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Glyphosate has much less influence on nutrients in crops than has been thought for years. A small-scale student test is the likely cause of misconceptions about this herbicide. This is apparent from a reconstruction of two decades of research into the effects of glyphosate on nutrients in crops, carried out by the popular scientific magazine Plant nutrition courier.

Glyphosate binds to calcium and magnesium, manganese and zinc. Other nutrients such as copper and iron can also be chelated (sequestered) by this active ingredient. Researchers disagree about the circumstances under which this occurs: only in the sprayer tank, or also in plants. The controversy can be traced to a small-scale student test, according to a reconstruction of two decades of research into the effects of glyphosate on the nutritional status of crops. The test was conducted around 2000 by a student from Purdue University (USA). The previous history and aftermath of this trial have been mapped by the popular science magazine Plant nutrition courier.

Yellow soy
The reason for the student trial was the then unexplained yellow coloration (‘yellow flash’) of glyphosate-resistant soy, shortly after spraying with this herbicide. The symptoms are reminiscent of manganese deficiency, a well-known phenomenon for soy growers on calcareous soils. The student test was conducted with two varieties: a glyphosate-resistant variety and a cultivar that was sensitive to glyphosate. The glyphosate-resistant variety cannot properly take up the required nutrients from the soil, is the firm conclusion of the student and his supervisor. A more extensive follow-up test yields conflicting results, but the conclusion is maintained and is even extended with the statement that glyphosate itself also hinders the uptake of nutrients. The results of these tests are widely circulated in lectures and alarming articles. However, other researchers later show that a degradation product of glyphosate has caused the temporary yellowing in soy.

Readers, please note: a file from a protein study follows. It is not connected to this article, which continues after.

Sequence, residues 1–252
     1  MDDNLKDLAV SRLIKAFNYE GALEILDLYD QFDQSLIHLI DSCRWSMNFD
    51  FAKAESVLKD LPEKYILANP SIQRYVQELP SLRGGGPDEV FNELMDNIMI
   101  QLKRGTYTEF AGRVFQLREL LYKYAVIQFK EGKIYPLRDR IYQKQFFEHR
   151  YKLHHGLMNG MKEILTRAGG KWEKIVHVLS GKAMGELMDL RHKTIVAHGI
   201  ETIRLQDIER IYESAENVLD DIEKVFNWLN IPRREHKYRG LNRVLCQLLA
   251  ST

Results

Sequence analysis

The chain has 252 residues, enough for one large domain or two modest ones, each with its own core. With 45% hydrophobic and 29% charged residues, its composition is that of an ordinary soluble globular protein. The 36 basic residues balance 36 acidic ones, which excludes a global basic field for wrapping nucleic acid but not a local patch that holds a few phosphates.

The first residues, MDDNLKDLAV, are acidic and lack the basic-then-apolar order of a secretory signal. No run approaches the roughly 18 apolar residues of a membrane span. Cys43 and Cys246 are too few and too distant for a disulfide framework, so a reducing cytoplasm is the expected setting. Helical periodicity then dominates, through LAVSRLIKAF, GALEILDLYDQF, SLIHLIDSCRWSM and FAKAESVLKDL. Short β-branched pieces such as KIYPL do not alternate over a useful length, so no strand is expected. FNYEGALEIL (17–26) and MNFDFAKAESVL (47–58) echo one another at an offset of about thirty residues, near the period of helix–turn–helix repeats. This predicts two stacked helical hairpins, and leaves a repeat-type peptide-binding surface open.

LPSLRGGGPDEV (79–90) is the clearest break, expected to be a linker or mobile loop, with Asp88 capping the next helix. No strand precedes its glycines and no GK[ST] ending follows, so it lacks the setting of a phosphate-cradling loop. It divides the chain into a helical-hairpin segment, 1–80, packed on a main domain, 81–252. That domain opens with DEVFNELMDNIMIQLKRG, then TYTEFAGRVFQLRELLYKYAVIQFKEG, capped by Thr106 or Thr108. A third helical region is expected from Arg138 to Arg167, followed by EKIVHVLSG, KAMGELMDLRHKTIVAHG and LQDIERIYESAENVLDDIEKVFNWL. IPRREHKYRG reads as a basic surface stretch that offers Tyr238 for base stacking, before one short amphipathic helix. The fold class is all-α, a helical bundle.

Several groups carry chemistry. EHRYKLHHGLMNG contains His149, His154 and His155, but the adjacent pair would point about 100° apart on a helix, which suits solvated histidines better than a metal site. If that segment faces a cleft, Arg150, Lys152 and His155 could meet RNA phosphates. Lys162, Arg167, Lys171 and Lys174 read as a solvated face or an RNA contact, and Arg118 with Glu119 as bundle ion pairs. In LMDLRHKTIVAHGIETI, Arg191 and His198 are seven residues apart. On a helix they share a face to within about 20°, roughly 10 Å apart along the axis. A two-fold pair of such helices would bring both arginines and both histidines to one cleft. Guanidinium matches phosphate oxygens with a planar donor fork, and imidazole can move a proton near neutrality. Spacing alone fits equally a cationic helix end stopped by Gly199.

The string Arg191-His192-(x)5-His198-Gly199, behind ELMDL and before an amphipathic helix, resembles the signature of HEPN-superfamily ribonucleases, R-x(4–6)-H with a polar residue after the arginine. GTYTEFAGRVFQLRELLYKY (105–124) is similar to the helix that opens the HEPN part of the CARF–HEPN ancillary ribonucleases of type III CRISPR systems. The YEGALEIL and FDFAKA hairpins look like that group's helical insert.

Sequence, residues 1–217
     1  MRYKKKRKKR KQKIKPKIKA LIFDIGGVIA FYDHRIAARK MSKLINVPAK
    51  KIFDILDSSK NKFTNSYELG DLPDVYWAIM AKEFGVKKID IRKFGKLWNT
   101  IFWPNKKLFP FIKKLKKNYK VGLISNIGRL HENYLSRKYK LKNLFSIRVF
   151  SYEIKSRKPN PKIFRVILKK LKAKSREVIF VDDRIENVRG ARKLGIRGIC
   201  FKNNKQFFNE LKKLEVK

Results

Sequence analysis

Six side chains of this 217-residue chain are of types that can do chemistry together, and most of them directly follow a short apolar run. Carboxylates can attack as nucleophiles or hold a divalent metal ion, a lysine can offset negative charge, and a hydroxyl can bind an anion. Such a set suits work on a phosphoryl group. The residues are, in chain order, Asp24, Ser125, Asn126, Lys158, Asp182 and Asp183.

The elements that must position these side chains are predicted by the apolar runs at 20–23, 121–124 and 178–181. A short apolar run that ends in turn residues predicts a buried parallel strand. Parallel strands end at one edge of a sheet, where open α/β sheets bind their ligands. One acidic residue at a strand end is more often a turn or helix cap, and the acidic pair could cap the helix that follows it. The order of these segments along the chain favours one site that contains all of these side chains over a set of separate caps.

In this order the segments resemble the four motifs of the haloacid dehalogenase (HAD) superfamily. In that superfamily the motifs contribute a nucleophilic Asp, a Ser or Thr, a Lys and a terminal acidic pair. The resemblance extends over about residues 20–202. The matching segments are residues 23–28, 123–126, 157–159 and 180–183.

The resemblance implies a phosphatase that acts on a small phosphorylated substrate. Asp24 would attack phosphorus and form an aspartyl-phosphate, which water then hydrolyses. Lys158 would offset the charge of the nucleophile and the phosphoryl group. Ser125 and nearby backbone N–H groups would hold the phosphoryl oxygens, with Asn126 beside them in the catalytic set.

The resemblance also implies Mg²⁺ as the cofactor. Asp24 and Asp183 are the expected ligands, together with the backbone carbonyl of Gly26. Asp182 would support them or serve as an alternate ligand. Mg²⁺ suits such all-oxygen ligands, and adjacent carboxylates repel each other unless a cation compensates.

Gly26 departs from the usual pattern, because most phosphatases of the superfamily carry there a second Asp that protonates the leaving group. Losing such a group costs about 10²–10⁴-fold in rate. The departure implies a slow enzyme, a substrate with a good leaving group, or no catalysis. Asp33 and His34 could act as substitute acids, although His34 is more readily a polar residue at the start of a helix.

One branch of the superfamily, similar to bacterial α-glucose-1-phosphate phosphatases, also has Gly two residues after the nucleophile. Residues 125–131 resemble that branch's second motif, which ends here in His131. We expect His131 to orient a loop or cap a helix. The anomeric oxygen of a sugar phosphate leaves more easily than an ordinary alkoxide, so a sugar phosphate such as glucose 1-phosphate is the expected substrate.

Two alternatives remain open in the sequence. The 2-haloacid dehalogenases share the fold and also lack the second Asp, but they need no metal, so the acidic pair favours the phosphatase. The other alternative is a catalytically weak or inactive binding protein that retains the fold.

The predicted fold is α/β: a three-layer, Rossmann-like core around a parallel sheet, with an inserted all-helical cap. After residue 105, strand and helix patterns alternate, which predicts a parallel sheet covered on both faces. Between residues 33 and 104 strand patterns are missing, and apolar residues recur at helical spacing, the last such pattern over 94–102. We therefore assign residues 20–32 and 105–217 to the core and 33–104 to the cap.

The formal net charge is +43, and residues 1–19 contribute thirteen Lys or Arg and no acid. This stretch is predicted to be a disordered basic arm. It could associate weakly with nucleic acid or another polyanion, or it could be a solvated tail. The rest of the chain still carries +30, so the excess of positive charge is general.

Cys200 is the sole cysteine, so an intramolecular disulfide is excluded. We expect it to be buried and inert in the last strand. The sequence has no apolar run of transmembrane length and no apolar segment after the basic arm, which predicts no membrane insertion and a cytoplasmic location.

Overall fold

Other researchers also report to measure lower levels of nutrients in glyphosate-resistant crops, but critics point to the incorrect or limited design of some of these tests and the disputable conclusions drawn from these and other studies. New research results have also been reported in recent years that prove the contrary. In these tests, glyphosate doesn’t affect nutrient contents in glyphosate-resistant crops.

Ongoing discussion
Despite ever better research techniques, the assumed chelation of nutrients by glyphosate has never been demonstrated in plants, according to the analysis of the Plant nutrition courier. Nevertheless, the discussion continues and there are farmers who unnecessary provide their crops with additional nutrients. And still very recently German researchers have questioned the risk analyses of the European Food Safety Authority (EFSA). In their eyes, this agency of the European Union has not adequately considered studies the researchers think to show the binding of nutrients.

    10-07-2019 14:21